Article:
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Published: Friday, 1/19/2001

Prominent black editor to address King dinner

Edward E. Parker, whose work has been exhibited nationally, works on a sculpture of Susan Taylor at the University of Toledo's student union in preparation for her appearance here. Edward E. Parker, whose work has been exhibited nationally, works on a sculpture of Susan Taylor at the University of Toledo's student union in preparation for her appearance here.
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Susan Taylor, senior vice president of Essence Communications, Inc., and editor-in-chief of Essence magazine, will speak at three events in Toledo, beginning today.

Ms. Taylor will be the featured speaker at a program, “Women Developing Wealth,” in Room 2592 of the University of Toledo student union from noon to 2 p.m. today.

The event is sponsored by the university's Multicultural Student Center.

Tonight, she will be the keynote speaker at the Dr. Martin Luther King, Jr., Scholarship Dinner in the student union auditorium at 7 p.m.

Four students - Louis McCalmon and Tasha Lothery of Toledo; Alicia Renix of Euclid, Ohio, and Ebone' Dansby of Elida, Ohio - will be awarded $1,500 scholarships at the dinner.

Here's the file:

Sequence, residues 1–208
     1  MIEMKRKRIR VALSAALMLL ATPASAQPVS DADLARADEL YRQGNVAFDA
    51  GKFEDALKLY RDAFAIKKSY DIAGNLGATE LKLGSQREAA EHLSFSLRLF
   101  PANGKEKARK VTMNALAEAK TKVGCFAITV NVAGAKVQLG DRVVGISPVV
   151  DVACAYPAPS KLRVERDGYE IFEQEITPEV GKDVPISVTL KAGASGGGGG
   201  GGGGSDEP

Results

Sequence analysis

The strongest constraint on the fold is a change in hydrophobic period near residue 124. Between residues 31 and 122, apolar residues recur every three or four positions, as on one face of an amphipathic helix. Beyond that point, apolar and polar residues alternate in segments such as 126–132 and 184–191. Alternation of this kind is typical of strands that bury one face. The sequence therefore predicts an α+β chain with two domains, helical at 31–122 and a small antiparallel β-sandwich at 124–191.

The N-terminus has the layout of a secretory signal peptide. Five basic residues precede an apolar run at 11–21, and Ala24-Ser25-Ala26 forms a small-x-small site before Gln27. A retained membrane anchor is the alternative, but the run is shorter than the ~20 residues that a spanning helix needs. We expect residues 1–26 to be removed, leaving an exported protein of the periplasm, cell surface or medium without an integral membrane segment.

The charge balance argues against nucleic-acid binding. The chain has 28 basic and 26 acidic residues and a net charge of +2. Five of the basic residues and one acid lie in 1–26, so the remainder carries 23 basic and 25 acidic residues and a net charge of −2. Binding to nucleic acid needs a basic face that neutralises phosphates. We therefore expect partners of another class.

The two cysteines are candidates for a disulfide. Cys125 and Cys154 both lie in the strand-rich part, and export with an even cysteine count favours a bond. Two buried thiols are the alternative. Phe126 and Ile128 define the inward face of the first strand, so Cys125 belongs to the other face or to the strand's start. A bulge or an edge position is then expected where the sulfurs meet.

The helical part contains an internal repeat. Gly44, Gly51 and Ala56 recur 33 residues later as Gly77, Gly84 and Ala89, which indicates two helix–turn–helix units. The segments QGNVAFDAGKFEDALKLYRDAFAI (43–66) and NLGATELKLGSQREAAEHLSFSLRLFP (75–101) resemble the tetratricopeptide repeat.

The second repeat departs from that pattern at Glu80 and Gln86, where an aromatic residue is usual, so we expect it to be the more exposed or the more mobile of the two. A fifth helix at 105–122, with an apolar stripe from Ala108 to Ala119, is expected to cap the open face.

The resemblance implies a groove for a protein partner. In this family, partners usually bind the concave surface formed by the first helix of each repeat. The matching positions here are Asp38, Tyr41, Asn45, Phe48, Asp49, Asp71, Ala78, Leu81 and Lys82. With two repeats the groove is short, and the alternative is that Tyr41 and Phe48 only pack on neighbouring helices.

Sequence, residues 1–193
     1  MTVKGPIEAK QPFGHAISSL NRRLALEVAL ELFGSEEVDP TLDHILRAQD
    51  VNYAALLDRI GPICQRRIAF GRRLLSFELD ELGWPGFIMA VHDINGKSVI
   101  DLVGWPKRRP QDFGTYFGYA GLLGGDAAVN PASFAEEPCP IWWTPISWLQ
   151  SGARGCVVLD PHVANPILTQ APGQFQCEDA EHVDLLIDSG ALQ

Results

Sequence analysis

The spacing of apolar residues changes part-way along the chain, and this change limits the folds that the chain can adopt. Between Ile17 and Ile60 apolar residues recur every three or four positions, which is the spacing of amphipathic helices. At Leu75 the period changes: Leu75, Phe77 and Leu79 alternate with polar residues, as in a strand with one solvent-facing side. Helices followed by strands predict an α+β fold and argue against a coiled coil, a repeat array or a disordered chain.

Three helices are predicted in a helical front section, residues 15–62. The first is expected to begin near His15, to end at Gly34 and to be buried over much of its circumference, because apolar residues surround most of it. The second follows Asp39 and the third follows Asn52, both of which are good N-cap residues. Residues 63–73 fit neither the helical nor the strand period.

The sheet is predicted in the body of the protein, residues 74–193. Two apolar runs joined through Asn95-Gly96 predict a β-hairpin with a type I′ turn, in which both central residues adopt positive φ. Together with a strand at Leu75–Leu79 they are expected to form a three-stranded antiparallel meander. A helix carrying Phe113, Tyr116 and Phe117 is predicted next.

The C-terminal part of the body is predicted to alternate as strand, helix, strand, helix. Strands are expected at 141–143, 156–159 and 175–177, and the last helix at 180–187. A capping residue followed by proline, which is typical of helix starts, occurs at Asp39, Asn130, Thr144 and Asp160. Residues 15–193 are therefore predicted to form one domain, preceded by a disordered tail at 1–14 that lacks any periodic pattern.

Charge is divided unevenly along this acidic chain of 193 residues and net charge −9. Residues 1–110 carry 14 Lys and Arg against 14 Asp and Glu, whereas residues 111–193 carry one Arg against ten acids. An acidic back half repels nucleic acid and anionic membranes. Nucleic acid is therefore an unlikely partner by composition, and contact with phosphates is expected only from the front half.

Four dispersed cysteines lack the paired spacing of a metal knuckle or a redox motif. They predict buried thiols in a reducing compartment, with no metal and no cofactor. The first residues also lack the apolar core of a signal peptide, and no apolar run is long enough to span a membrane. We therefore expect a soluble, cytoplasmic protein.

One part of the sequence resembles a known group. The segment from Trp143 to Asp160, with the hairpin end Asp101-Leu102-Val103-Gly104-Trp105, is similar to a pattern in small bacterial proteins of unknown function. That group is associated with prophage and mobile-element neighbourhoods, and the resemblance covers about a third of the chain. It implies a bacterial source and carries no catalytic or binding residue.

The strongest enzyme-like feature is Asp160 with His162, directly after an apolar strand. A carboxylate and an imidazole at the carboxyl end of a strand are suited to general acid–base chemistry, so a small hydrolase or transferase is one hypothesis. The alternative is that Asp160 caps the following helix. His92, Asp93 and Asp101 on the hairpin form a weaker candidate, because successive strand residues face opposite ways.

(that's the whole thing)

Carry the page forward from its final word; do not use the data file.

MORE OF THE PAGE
The MLK scholarship was established at the university in 1969, a year after Dr. King's death, to honor the slain civil rights leader. More than 70 students have received money from the scholarship fund since its inception.

Ms. Taylor will speak Saturday at a workshop, “Healthy Spirit: The Status of African American Women,” which runs from 8:30 a.m. to noon at the Hilton Hotel, 3100 Glendale Ave.

“It's been almost nine years since she's last been here, and she left us with a lot of enthusiasm and wisdom,” said Dr. Ardenia Jones-Terry, assistant to the vice president of student services at UT. “She believes that individuals can make a difference. We're not powerless. That's the same thing Dr. King believed. He believed we can go out and make a difference and be successful.”

Ms. Taylor has been editor-in-chief of Essence, the popular magazine targeting African-American women, since 1981 and took on the additional duties of senior vice president of Essence Communications in 1993.

Through her magazine column, “In the Spirit” and book by the same name, she has been an advocate for African-American entrepreneurship and for working with disadvantaged women and young people.



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